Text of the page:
Ehren Watada, Terri Johnson, Carla Gomez, Luke Kamunen, Leif Kamunen, Leo Kamunen, Camilo Mejia, Kimberly Rivera, Dean Walcott, Linjamin Mull, Agustin Aguayo, Justin Colby, Marc Train, Abdullah Webster, Robert Zabala, Darrell Anderson, Kyle Snyder, Corey Glass, Jeremy Hinzman, Kevin Lee, Mark Wilkerson, Patrick Hart, Ricky Clousing, Ivan Brobeck, Aidan Delgado, Pablo Paredes, Carl Webb, Stephen Funk, Clifton Hicks, David Sanders, Dan Felushko,Brandon Hughey, Clifford Cornell, Joshua Despain, Joshua Casteel, Katherine Jashinski, Dale Bartell, Chris Teske, Matt Lowell, Jimmy Massey, Chris Capps, Tim Richard, Hart Viges, Michael Blake, Christopher Mogwai, Christian Kjar, Kyle Huwer, Vincent La Volpa, DeShawn Reed and Kevin Benderman. In total, forty-one US war resisters in Canada have applied for asylum.
Information on war resistance within the military can be found at
The Objector, The G.I. Rights Hotline [(877) 447-4487], Iraq Veterans Against the War and the War Resisters Support Campaign. Courage to Resist offers information on all public war resisters. Tom Joad maintains a list of known war resisters.

Peter Hart spoke with Anthony Arnove (
IRAQ: The Logic of Withdrawal) on this week's CounterSpin (airing on most radio stations today) about the issue of contractors.

Anthony Arnove: There is effectively a doubling of the US occupation in Iraq right now through the employment of private contractors of whom as many as 50,000 are armed -- effectively private mercenaries working in the employee of the US occupation. Blackwater is operating under the employment of the State Department. What's interesting is that very early on in the US occupation, Paul Bremer -- who was acting as the colonial viceroy -- in his capacity of head of the Coalition Provision Authority deliberately exempted these mercenaries and other US contractors from Iraqi law. And they've created basically a legal black hole in which these mercenaries can operate without any accountability. And the few times there have been incidents in which Iraqis tried to pursue contractors for violations they've been skirted out of the country so as not to have to face any prosecution. They do technically fall under rules of engagement set down for US contractors -- whether that's Pentagon rules or State Department rules. But like we've seen with active duty troops who've engaged in abuses of human rights in Iraq, there's really been no accountability certainly not up the chain of command.

No accountability. And Bremer and the CPA were nothing but a shell game. Bremer stripped Iraqis of oversight and, in fact, the US may not have any legal right to oversight as well. As Naomi Klein explains in her new book
The Shock Doctrine: The Rise Of Disaster Capitalism:

Bremer's CPA would not try to stop the various scams, side deals and shell games because the CPA was itself a shell game. Though it was billed as the U.S. occupation authority, it's unclear that it held that distinction in anything other than name. This point was forcefully made by a judge in the infamous Custer Battles corruption case.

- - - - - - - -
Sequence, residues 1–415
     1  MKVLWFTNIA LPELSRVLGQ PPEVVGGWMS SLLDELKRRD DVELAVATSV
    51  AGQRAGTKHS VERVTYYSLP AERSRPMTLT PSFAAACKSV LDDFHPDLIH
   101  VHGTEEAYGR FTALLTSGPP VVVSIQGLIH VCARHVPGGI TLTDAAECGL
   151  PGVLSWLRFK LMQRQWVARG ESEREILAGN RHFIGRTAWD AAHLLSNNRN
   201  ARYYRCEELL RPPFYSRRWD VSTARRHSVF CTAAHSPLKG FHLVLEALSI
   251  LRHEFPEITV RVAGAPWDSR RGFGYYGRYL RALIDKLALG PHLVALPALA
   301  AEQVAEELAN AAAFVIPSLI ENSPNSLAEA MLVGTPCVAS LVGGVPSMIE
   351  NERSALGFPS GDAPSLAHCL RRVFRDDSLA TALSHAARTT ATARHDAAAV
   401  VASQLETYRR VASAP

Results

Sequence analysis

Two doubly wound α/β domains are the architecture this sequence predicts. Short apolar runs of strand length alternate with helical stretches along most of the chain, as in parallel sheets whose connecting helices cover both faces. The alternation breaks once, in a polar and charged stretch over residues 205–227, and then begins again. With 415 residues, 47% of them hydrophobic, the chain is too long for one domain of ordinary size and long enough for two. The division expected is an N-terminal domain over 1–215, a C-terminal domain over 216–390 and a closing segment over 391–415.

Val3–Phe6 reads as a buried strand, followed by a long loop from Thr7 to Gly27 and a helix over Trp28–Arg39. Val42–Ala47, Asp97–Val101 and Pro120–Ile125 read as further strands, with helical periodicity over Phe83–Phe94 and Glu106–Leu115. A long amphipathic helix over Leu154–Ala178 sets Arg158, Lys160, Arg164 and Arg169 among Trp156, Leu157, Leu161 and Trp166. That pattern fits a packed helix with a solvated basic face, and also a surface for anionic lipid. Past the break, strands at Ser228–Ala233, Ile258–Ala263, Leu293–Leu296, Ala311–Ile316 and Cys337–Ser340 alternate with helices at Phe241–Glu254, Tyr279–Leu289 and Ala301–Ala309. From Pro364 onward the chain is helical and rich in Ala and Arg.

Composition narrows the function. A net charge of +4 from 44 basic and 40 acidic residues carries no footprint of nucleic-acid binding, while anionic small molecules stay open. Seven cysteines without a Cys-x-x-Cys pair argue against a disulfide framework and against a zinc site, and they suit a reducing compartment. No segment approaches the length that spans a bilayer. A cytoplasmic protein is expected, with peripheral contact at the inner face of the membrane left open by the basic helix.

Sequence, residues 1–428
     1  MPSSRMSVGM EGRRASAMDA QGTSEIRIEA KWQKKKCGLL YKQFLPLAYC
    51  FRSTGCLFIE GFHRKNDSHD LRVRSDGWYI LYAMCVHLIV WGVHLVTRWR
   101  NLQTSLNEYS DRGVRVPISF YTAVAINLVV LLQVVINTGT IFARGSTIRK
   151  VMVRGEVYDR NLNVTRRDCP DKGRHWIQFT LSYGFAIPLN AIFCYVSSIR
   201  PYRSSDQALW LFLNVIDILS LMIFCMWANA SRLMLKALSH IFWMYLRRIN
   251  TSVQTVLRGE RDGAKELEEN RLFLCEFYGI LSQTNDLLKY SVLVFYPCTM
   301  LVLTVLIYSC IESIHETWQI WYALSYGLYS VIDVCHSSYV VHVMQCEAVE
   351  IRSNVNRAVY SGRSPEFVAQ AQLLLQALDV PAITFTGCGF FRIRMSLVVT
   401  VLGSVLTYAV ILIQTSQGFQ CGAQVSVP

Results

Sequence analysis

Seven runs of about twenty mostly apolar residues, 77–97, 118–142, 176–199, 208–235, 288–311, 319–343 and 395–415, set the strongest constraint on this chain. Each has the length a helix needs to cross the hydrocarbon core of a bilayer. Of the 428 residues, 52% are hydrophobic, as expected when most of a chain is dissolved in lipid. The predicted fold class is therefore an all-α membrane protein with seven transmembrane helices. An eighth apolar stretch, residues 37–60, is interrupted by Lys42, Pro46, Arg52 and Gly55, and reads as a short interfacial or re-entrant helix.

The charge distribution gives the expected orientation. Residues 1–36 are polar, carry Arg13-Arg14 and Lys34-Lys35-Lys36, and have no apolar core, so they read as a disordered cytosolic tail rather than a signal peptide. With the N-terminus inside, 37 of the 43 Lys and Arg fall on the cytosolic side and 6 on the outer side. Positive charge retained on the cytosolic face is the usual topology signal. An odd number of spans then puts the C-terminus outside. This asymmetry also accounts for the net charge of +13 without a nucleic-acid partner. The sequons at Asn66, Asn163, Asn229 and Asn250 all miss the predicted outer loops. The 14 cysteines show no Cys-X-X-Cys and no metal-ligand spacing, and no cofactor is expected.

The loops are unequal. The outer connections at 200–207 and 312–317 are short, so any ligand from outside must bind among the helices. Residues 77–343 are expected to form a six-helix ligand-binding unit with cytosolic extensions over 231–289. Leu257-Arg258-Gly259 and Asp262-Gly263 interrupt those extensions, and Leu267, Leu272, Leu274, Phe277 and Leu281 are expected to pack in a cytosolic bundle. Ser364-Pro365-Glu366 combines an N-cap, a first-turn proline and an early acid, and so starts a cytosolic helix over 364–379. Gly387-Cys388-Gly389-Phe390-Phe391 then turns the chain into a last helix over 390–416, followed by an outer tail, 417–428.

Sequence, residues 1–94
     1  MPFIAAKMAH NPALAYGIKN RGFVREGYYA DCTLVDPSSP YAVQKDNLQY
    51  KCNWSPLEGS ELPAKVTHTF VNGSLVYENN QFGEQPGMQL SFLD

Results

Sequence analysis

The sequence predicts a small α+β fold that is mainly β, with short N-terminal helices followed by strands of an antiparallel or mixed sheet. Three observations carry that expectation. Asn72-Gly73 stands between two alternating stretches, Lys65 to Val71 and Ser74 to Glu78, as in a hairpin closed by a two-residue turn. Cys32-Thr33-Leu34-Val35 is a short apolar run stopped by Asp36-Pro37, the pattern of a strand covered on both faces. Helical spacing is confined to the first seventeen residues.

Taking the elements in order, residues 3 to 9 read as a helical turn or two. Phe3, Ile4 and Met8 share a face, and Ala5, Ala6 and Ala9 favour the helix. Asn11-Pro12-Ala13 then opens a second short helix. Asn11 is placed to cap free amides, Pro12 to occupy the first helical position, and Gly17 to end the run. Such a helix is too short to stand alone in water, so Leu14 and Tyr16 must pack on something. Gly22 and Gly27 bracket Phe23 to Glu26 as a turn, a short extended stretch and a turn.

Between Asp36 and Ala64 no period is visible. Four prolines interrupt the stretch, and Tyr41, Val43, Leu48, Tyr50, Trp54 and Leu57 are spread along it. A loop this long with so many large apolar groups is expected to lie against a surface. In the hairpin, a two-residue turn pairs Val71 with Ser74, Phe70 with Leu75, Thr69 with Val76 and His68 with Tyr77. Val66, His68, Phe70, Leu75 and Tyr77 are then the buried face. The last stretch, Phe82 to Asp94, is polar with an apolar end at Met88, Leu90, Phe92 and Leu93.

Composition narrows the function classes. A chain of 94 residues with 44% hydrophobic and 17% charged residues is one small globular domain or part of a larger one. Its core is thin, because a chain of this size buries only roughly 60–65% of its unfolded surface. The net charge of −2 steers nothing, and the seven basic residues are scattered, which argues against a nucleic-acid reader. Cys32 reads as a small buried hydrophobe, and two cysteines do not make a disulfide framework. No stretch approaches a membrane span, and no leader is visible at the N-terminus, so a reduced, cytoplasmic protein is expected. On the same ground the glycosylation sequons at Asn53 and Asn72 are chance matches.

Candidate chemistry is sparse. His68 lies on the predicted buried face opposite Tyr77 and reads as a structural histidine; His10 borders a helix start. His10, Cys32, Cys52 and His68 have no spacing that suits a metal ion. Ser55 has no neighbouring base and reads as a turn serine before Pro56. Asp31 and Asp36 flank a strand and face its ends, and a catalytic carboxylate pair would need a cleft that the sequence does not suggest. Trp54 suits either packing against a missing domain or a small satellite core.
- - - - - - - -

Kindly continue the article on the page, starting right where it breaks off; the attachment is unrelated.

Two former employees of the security firm launched a whistle-blower lawsuit against the company, accusing it of cheating on reconstruction-related contracts with the CPA and defrauding the U.S. governments produced by the company that clearly showed it was keeping two sets of numbers -- one for itself, one for invoicing the CPA Retired Brigadier-General Hugh Tant testified that the fraud was "probably the worst I've ever seen in my 30 years in the army." (Among Custer Battles' many alleged violations, it is said to have appropriated Iraqi-owned forklifts from the airport, repainted them and billed the CPA for the cost of leasing the machines.)
In March 2006, a federal jury in Virginia ruled against the company, finding it guilty of fraud, and forced it to pay $10 million in damages. The company then asked the judge to overturn the verdict, with a revealing defense. It claimed that the CPA was not part of the U.S. government, and therefore not subject to its laws, including the False Claims Act. The implications of this defense were enormous: the Bush administration had indemnified U.S. corporations working in Iraq from any liability under Iraqi laws; if the CPA wasn't subject to U.S. law either, it meant that the contractors weren't subjected to any law at all -- U.S. or Iraqi. This time, the judge ruled in the company's favor: he said there was plenty of evidence that Custer Battles had submitted to the CPA "false and fraudulently inflated invoices," but he ruled that the plaintiffs had "failed to prove that the claims were presented to the United States." In other words, the U.S. government presence in Iraq during the first year of its economic experiment had been a mirage -- there had been no government, just a funnel to get U.S. taxpayer and Iraqi oil dollars to foreign corporations, completely outside the law. In this way, Iraq represented the most extreme expression of the anti-state counter-revolution -- a hollow state, where, as the courts finally established, there was no there, there.